Celery extracts have been shown to have potent activity against Helicobacter pylori, a gram-negative bacterium found in the stomach (37).  H. pylori has been associated with chronic gastritis and gastric ulcers, conditions that were not previously believed to have a microbial cause. It is also linked to the development of duodenal ulcers and stomach cancer, though 80 per cent of people infected display no disease symptoms.

Essential oil of celery has also been shown to be strongly inhibitory against Escherichia coli and moderately inhibitory against Pseudomonas aeruginosa and Staphylococcus aureus (34).

Moderate anti-microbial activity has been shown by extracts of celery against multi-drug resistant Salmonella typhi (38).

This anti-microbial activity may explain the use of celery as a traditional herbal remedy for urinary tract and other infections.

Alzheimer’s disease

Alzheimer’s disease is an age-related, progressive neurodegenerative disorder that occurs gradually and results in memory, behaviour, and personality changes.

L-3-n-butylphthalide, an extract from seeds of celery, has been shown to have neuroprotective effects on ischaemic, vascular dementia, and amyloid-beta-infused animal models (39).

Treatment with L-3-n-butylphthalide significantly improved the spatial learning and memory deficits of transgenic mice compared to the controls.

It is believed to do this by inhibiting oxidative injury, neuronal apoptosis and glial activation, regulating amyloid-β protein precursor (AβPP) processing and reducing Aβ generation (40).

Celery root

Celery root

Multiple sclerosis

Multiple sclerosis is an inflammatory and demyelinating disease of the central nervous system which mainly affects young adults.

An animal model of multiple sclerosis called experimental allergic encephalomyelitis is used to test potential treatments for this disease.

In Iran, a herbal-marine product called MS14, containing 90 per cent Penaeus latisculatus (Western King prawn), 5 per cent Apium graveolens (celery), and 5 per cent Hypericum perforatum L (St John’s Wort) is used to slow down or halt the progression of multiple sclerosis.

Mice with induced brain inflammation were fed a diet containing MS14 (30 per cent) and monitored for 20 days. The disease was slowed down in the treated mice relative to the controls.  Moreover, while there were moderate to severe neuropathological changes in the controls, milder changes were seen in the mice treated with MS14 (41).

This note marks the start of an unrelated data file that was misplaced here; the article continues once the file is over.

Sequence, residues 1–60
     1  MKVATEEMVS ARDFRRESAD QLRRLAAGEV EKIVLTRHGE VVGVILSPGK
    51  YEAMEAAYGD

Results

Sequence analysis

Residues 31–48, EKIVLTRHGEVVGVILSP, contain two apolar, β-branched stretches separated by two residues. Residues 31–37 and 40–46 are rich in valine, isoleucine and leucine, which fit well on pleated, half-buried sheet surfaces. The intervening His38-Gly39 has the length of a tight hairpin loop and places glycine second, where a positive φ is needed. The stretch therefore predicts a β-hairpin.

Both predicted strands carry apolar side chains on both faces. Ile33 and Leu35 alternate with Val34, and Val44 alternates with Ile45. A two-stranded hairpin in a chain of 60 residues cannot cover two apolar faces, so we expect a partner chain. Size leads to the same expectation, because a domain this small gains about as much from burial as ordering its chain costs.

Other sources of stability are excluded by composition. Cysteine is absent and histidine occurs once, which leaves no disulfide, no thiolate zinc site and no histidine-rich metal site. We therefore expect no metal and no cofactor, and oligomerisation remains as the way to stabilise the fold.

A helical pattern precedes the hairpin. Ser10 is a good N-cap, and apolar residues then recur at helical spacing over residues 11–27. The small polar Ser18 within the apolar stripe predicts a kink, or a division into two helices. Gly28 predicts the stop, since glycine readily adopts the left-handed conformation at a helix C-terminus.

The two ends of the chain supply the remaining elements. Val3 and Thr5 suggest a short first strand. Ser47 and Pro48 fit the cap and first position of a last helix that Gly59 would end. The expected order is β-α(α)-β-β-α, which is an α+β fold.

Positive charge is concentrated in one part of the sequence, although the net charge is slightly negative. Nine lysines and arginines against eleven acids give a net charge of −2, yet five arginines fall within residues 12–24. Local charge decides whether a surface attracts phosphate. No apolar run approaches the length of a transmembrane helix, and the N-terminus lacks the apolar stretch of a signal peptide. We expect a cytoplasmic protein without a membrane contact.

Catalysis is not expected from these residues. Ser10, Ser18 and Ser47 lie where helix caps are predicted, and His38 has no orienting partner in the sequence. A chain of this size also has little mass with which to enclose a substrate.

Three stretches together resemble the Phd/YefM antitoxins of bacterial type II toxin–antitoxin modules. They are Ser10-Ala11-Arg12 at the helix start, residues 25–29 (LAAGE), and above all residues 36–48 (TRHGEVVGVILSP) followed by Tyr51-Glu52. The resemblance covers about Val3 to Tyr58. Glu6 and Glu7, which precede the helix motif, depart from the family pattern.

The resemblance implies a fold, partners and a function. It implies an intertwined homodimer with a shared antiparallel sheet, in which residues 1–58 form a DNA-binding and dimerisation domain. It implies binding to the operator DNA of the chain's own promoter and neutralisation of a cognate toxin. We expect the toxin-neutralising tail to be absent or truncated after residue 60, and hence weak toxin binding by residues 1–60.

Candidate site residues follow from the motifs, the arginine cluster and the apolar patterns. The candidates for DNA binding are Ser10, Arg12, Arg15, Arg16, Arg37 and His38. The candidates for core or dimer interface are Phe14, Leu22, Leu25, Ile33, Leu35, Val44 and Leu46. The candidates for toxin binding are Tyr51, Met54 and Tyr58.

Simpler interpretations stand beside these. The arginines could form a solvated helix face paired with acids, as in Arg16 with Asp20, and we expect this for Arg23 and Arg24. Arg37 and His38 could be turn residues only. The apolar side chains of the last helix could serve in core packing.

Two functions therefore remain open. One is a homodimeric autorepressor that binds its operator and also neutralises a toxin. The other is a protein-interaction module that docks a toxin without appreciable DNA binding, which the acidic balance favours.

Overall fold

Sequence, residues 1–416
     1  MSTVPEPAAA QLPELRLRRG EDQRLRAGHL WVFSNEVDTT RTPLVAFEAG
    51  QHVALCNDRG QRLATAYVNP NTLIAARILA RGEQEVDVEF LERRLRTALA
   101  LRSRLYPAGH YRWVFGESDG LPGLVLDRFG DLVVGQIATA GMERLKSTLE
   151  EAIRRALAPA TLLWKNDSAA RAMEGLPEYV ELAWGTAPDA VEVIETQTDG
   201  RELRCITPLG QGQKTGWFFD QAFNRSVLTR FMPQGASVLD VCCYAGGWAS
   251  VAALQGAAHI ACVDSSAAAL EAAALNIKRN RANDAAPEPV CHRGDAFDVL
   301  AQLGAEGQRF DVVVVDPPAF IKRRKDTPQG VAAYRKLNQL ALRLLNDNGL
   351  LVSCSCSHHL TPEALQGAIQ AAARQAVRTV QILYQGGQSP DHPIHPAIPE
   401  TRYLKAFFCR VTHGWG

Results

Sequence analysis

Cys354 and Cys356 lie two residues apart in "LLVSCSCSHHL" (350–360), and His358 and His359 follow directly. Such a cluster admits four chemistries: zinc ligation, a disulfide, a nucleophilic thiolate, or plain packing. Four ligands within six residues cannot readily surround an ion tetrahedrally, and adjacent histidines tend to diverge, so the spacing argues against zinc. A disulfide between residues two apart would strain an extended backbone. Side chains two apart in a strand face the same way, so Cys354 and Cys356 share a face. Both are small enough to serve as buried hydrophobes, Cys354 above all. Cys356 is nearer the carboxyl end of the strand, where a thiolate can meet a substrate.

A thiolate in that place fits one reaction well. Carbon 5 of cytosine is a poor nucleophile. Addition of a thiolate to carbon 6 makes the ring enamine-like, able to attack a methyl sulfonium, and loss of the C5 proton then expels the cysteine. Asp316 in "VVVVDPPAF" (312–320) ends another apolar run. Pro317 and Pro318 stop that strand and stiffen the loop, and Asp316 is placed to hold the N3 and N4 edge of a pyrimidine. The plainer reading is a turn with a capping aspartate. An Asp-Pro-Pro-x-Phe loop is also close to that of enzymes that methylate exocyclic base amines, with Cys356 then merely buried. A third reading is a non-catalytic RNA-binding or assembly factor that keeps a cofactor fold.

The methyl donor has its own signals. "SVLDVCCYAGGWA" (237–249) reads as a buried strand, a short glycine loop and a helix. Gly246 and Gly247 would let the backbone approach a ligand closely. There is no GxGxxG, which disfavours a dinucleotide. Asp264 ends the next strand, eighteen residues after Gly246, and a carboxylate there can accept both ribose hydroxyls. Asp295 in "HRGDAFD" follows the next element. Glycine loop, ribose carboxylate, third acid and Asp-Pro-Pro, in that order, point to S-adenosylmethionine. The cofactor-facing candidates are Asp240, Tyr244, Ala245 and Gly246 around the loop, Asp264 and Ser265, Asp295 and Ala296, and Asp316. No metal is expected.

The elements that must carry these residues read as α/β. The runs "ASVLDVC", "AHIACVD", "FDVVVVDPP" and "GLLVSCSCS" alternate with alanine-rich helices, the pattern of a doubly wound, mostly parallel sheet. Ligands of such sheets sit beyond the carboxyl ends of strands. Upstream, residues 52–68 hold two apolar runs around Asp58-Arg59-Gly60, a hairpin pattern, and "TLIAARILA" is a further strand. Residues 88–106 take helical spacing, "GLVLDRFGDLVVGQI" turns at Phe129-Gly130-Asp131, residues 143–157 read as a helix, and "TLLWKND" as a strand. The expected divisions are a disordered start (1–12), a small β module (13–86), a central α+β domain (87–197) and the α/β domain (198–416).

The precise role of celery in this remedy has not been elucidated and a great deal more work is required to determine its value for this indication.

Aphrodisiac

Earlier I recounted the story of Calypso and Odysseus, full of desire in their celery-adorned cave.

This is not the only myth implicating celery as an aphrodisiac (42).

Central to the Celtic legend of Tristan and Isolde is a love potion, which they accidentally consume and are overcome with passion. This is unfortunate as Tristan is escorting Isolde on her way to marry his uncle.

Some say that their magic philtre contained celery root, though there is no direct evidence for this.  Love potions were usually made from mandrake (love apples), a poisonous member of the nightshade family, with other ingredients including orange, ambergris, vervain, briony and fern seed.

Tristan and Isolde drinking the love potion by John William Waterhouse

Tristan and Isolde drinking the love potion by John William Waterhouse

In the 18th century, Grimod de la Reyniere, an early food journalist, warned of celery’s aphrodisiac properties, advising that

it is not in any way a salad for bachelors

It is rumoured that Madame de Pompadour, maverick mistress of King Louis XV, invented a celery soup to inflame the desires of her royal lover.

So is there any scientific evidence to support these claims?

In 1979, two researchers reported that they had identified the volatile steroid, 5 alpha-androst-16-en-3-one, in the cytoplasm of parsnip and celery at concentrations of 8 nanograms per gram (8 parts per billion) (43).